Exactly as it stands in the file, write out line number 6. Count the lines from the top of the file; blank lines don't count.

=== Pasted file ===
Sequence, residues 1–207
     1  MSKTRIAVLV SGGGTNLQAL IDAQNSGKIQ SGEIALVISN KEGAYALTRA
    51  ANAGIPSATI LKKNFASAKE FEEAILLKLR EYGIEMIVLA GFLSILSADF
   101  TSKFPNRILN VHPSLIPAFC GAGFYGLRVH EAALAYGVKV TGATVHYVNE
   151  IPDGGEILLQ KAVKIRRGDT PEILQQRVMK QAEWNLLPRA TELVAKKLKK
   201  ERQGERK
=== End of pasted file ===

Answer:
   201  ERQGERK